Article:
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Surgery is an essential element throughout a woman's journey with ovarian cancer. Initially, an operation is typically necessary to make an accurate diagnosis of ovarian cancer. Then, surgery is performed to determine how advanced the cancer is—a process called staging—and to remove as much of the cancerous mass as possible, which may involve more than one surgical procedure. Because surgery is integral to the diagnosis and management of ovarian cancer, partnering with an expert surgical team is critical.
You'll find that expertise at the Sidney Kimmel Comprehensive Cancer Center at Johns Hopkins. We possess decades of in-the-trenches experience, consistently using the most advanced and effective methods of surgery and cutting edge tools. In fact, our gynecology oncologists who perform these delicate and complex surgeries have led or co-authored studies that inform the most recent surgical advances for ovarian cancer.
What to Expect from Ovarian Cancer Surgery
The diagnosis. We use a minimally invasive surgical (MIS) approach to evaluate and diagnose patients presenting with an ovarian mass. Advantages of MIS for a benign, or non-cancerous, tumor include:
- No overnight stay (usually)
- Faster recovery
Immediate evaluation. During the initial MIS procedure, our expert gynecologic pathologists evaluate the ovarian mass and, within 30 minutes, relay their findings to our surgical team. If the mass is malignant, additional surgery occurs immediately.
Comprehensive staging evaluation. Precise staging involves performing biopsies on sites throughout the pelvis and abdominal cavity, thereby determining the extent of the disease. This critical step determines the appropriate course of treatment.
- Some patients with Stage 1 disease require no additional therapy
- Most patients with Stages 11 through IV require chemotherapy.
- Comprehensive staging uncovers advanced stage disease in a considerable number of patients with ovarian cancer.
If you have stage 1 ovarian cancer:
Fertility preservation is a viable option for a select group of women with Stage 1 ovarian cancer and no evidence of the disease outside the ovary. Under these circumstances, we use a more conservative surgical approach, preserving the uterus, disease-free ovary and fallopian tube. Ultimately, these steps preserve a patient's childbearing potential.
If you have advanced ovarian cancer:
Optimal debulking. When we operate, we strive for optimal debulking, which means removing all the cancer except for residual nodules less than 1 cm. in diameter. Our vast experience, coupled with the use of the latest in surgical devices, ensures the most precise results. Occasionally, nodules that are too numerous or located in areas that make removal too risky prevent optimal debulking.
If you have recurrent disease:
Secondary debulking sometimes is performed on patients with recurrent disease. This step is preceded by aggressive surveillance techniques using advanced imaging that determine the location of new lesions. During secondary debulking, we can take samples of cancerous tissue and test their resistance to certain chemotherapy drugs, thereby making subsequent chemotherapy for each individual patient more targeted and effective.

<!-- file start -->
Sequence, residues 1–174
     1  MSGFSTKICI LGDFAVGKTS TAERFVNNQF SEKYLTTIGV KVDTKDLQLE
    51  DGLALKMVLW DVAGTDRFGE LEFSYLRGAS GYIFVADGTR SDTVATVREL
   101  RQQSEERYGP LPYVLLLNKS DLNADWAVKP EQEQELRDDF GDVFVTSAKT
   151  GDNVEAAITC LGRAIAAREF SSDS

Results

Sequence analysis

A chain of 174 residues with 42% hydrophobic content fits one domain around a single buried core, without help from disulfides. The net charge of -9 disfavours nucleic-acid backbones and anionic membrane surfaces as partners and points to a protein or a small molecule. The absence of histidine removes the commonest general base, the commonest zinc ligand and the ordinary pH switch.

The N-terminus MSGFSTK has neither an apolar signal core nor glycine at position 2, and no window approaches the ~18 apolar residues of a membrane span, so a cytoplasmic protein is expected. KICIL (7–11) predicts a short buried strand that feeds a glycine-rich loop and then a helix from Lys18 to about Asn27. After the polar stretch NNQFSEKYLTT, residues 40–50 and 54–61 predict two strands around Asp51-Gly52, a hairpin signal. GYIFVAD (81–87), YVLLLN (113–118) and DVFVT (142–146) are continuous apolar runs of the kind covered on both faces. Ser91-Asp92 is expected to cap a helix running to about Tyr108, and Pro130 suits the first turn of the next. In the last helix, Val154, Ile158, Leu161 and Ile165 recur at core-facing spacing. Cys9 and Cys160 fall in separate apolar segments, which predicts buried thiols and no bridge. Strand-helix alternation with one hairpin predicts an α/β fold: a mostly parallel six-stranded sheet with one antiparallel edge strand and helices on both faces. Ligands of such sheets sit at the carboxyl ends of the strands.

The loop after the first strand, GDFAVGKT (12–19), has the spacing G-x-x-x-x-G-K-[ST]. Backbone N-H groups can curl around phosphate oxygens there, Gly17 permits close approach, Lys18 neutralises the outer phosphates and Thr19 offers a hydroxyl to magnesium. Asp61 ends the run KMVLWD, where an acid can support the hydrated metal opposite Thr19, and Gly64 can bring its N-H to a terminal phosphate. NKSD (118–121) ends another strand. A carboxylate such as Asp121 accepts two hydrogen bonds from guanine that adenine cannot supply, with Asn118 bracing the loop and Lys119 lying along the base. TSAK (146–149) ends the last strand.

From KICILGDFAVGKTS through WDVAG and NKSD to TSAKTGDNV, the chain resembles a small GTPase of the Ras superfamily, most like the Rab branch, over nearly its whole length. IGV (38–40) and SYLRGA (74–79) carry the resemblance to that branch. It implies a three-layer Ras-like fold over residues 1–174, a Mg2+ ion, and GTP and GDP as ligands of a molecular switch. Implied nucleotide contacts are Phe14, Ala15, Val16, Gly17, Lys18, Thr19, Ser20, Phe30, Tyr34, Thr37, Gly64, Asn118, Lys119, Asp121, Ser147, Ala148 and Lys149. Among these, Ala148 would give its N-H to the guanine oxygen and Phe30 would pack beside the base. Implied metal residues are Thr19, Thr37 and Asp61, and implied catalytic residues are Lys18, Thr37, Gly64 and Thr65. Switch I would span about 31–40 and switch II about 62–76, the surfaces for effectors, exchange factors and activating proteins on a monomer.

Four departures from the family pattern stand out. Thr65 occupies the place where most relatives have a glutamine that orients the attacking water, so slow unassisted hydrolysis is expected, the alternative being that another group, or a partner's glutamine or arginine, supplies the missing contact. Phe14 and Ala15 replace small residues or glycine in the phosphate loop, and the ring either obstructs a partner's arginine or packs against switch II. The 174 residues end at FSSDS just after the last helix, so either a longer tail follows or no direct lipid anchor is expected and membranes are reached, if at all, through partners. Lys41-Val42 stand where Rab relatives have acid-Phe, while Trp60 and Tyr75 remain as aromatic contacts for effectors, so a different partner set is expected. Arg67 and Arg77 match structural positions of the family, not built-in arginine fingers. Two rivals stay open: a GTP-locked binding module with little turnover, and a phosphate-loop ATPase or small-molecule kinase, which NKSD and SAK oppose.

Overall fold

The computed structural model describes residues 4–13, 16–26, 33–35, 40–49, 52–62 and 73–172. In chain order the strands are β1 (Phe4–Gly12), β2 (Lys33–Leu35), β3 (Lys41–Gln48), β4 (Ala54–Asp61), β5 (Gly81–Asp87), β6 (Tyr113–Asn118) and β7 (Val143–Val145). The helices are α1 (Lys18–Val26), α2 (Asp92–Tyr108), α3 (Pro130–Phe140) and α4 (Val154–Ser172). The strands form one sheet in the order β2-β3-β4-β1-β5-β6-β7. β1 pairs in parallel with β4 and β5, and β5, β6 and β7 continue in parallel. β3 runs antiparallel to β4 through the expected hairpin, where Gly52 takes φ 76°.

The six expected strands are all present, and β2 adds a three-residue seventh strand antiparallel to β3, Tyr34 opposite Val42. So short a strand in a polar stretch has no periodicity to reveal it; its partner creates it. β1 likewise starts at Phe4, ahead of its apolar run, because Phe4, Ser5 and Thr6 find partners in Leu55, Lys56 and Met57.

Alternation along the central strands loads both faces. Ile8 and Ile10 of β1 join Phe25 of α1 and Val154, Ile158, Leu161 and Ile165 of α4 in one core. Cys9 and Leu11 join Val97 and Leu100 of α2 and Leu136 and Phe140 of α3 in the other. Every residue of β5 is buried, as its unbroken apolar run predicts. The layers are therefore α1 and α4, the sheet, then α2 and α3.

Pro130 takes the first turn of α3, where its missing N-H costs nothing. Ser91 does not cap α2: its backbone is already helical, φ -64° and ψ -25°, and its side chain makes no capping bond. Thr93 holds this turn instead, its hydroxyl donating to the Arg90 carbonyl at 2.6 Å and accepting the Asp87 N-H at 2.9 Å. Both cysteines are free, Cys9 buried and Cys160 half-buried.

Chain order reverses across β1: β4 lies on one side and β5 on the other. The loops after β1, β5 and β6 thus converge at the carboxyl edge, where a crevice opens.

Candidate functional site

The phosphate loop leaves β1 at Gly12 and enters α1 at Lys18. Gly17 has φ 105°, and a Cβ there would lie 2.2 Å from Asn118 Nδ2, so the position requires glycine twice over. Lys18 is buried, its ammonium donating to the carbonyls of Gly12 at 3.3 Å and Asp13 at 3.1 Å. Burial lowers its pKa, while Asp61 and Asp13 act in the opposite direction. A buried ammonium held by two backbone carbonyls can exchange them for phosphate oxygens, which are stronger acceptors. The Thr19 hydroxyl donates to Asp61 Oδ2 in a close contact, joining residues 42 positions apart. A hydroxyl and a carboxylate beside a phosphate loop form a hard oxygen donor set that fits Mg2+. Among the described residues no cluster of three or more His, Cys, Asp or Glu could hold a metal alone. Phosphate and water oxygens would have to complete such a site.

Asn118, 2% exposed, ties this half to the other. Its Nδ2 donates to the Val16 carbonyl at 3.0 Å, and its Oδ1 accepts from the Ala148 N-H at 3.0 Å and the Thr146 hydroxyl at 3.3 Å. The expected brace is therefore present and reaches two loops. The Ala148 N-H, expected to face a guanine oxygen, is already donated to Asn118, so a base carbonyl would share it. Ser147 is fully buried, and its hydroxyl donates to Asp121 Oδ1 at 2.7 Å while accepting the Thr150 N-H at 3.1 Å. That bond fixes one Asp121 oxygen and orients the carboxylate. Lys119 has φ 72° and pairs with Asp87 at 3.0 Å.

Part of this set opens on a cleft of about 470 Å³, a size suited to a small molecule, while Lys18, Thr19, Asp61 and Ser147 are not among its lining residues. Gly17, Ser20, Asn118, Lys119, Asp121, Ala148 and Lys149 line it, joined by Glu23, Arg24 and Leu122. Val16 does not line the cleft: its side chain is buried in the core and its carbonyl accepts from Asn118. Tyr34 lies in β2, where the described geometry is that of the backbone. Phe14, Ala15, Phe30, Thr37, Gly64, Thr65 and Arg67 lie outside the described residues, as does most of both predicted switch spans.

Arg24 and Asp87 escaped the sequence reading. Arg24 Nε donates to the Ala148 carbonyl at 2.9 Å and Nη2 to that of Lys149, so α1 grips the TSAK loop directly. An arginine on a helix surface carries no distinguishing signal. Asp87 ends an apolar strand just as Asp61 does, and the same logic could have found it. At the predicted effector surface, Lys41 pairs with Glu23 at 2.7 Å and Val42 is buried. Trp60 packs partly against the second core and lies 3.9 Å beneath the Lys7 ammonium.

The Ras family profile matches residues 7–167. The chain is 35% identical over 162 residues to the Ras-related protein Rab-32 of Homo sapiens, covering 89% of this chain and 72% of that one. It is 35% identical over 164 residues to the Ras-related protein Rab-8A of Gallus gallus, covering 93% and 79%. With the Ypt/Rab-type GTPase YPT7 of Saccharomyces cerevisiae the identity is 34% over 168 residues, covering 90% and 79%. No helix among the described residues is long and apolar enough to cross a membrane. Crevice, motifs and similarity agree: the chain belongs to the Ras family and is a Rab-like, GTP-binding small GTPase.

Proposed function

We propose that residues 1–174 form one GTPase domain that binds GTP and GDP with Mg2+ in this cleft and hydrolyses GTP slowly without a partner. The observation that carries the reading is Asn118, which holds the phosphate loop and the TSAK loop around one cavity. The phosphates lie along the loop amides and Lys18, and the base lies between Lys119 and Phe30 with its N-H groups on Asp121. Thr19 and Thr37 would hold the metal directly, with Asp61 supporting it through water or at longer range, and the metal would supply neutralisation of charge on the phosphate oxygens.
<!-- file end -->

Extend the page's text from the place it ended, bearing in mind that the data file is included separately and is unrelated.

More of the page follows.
Who is a candidate for secondary debulking? Patients who have:
- Been in remission for at least 12 months, an indication of responsiveness to chemotherapy
- Good performance status, meaning the ability to tolerate a second surgical effort
- Relatively localized disease (recurrence at a lymph node or lesion in spleen or liver)
Intraperitoneal chemotherapy delivers high doses of chemotherapy directly into the abdomen via a catheter. Pioneering research led by a Johns Hopkins researcher has found that patients with advanced ovarian cancer who receive traditional chemotherapy coupled with intraperitoneal chemotherapy attain significantly better survival rates than those who receive only traditional chemotherapy following surgery.
Intraperitoneal chemotherapy involves the surgical placement of an intraperitoneal (IP) port, the size of a half dollar, under the skin in the upper quadrant of the abdominal wall. A catheter attached to the port reaches directly into the pelvis, delivering chemotherapy. Surgical placement of the port requires a one-inch incision, closed with sutures that readily dissolve under the skin. After completion of chemotherapy, the port is surgically removed through a minor procedure that takes less than an hour.
Monitoring for Recurrence -- Surveillance
Women diagnosed with ovarian cancer are at risk for recurrence. That's why patients at the Kimmel Cancer Center undergo close surveillance through physical exams and blood tests (including CA 125 and radiographic imaging) to watch for recurrent disease. An ovarian cancer recurrence presents many choices; no one option is right for every patient. We strive to determine a patient's priorities in order to make the most informed therapeutic recommendation, which may involve one or more of the following strategies:
- Additional chemotherapy (Note: recent studies suggest that deferring chemotherapy until a patient becomes symptomatic may reduce side effects without adversely affecting survival)
- Additional surgery
- Biologic therapies that target metabolic "pathways" of unrestricted cancer growth